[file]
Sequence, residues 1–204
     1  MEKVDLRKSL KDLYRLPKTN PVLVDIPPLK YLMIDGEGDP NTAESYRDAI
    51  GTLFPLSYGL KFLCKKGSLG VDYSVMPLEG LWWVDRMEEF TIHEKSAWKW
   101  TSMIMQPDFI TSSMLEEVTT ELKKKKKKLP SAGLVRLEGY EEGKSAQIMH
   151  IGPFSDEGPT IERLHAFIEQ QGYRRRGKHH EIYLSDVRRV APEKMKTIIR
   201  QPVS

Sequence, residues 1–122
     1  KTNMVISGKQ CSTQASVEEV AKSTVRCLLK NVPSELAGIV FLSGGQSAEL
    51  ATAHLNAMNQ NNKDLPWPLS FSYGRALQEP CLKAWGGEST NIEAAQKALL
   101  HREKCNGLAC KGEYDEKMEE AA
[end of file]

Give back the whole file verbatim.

Sequence, residues 1–204
     1  MEKVDLRKSL KDLYRLPKTN PVLVDIPPLK YLMIDGEGDP NTAESYRDAI
    51  GTLFPLSYGL KFLCKKGSLG VDYSVMPLEG LWWVDRMEEF TIHEKSAWKW
   101  TSMIMQPDFI TSSMLEEVTT ELKKKKKKLP SAGLVRLEGY EEGKSAQIMH
   151  IGPFSDEGPT IERLHAFIEQ QGYRRRGKHH EIYLSDVRRV APEKMKTIIR
   201  QPVS

Sequence, residues 1–122
     1  KTNMVISGKQ CSTQASVEEV AKSTVRCLLK NVPSELAGIV FLSGGQSAEL
    51  ATAHLNAMNQ NNKDLPWPLS FSYGRALQEP CLKAWGGEST NIEAAQKALL
   101  HREKCNGLAC KGEYDEKMEE AA